Husted named Ulysses S. Grant and Abraham Lincoln among his political heroes, noting that the two ended slavery, united the nation and rebuilt after the Civil War.

He said Kasich started off as a good governor but took his eye off Ohio when he decided to run for president. “By and large, we were willing to accept that because we voted for him to be our nominee for president. But I think since that time, people have been really frustrated that he didn’t go to Cleveland and support Trump in the convention, that he seems to with his word not support the president or undermine the president on occasion, and that he is not as focused on Ohio as he once was.”

Husted became emotional when he talked about his parents adopting him as a baby and the time he found himself as a single parent.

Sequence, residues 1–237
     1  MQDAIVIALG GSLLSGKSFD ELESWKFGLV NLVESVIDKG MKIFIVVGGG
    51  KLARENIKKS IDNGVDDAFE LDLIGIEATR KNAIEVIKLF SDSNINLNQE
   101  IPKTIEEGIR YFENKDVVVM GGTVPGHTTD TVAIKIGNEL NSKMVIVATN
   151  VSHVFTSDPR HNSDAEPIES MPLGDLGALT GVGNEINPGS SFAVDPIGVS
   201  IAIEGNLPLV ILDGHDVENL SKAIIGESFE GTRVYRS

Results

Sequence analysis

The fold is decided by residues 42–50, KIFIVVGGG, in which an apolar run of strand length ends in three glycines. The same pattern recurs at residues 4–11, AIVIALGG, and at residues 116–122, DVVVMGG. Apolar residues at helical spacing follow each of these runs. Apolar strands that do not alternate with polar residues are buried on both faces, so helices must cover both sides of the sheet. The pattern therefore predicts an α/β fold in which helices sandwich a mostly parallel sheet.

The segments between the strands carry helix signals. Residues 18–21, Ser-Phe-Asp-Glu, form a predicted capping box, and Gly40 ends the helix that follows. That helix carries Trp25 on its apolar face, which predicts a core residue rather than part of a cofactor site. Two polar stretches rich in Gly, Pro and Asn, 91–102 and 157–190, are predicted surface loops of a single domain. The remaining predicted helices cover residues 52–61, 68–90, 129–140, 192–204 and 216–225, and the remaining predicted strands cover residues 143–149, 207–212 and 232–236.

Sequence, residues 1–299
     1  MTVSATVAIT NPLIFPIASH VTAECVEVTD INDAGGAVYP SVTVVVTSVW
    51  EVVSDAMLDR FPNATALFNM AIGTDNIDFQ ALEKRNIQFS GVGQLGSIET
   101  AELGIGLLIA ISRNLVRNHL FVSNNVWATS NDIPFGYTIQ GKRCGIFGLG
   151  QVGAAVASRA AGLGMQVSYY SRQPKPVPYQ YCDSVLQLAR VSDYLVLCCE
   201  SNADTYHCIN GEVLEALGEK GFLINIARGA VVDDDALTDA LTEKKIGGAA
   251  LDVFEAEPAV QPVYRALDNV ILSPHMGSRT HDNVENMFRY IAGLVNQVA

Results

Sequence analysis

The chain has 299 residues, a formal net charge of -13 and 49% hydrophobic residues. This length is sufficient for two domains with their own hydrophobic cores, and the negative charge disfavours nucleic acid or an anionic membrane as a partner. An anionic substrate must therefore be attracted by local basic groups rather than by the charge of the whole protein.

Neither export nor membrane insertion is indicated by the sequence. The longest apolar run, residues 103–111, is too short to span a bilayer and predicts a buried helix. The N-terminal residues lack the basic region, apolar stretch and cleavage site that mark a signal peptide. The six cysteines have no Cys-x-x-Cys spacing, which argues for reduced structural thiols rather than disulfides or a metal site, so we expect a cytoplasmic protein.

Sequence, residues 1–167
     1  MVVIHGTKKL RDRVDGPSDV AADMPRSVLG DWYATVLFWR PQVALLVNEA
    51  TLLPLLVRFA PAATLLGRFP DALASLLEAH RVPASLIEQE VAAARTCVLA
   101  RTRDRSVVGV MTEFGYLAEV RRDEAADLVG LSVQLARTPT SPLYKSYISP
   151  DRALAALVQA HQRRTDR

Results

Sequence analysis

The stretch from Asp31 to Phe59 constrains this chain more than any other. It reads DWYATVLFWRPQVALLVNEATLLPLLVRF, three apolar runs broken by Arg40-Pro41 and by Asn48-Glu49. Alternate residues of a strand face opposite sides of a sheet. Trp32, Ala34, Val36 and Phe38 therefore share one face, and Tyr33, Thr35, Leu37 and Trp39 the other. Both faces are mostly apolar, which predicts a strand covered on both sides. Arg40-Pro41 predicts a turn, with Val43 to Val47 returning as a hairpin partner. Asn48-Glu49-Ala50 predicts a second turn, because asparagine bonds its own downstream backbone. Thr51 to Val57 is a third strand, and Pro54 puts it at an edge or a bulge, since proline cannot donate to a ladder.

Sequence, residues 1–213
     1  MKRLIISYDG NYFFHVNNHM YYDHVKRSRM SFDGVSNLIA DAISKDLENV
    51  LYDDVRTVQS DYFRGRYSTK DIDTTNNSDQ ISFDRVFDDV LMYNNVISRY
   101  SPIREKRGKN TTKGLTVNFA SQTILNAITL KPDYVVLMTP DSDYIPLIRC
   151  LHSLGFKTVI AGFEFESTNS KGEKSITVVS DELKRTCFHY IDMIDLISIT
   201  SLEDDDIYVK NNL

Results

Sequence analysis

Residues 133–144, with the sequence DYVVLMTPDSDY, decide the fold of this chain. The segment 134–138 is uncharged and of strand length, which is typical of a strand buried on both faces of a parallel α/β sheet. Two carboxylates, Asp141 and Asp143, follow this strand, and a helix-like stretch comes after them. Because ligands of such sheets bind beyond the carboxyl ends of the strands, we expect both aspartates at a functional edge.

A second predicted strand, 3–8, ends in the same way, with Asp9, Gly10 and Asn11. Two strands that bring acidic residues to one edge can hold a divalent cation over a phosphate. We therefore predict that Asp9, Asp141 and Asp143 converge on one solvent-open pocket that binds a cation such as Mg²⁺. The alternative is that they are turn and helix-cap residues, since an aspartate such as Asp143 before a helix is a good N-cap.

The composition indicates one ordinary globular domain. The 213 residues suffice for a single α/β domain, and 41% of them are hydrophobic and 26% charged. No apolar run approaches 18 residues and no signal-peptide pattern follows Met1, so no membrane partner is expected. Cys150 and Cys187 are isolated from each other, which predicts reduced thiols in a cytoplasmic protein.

“When we are blessed, we’re called to serve. I’ve had a lot of blessings that came over the course of the 50 years that I’ve lived here on this planet, and I have to give back,” he said.

Organizers said they invited Democrats but they each declined. Declared candidates in the Democratic primary are: Dayton Mayor Nan Whaley, state Sen. Joe Schiavoni of Boardman, former U.S. Rep. Betty Sutton of Akron and former state representative Connie Pillich of Cincinnati.

Related: How much are Ohio governor candidates worth?

Hosting the event was Citizens for Community Values, First Freedom Ohio and United in Purpose — three non-partisan conservative Christian organizations.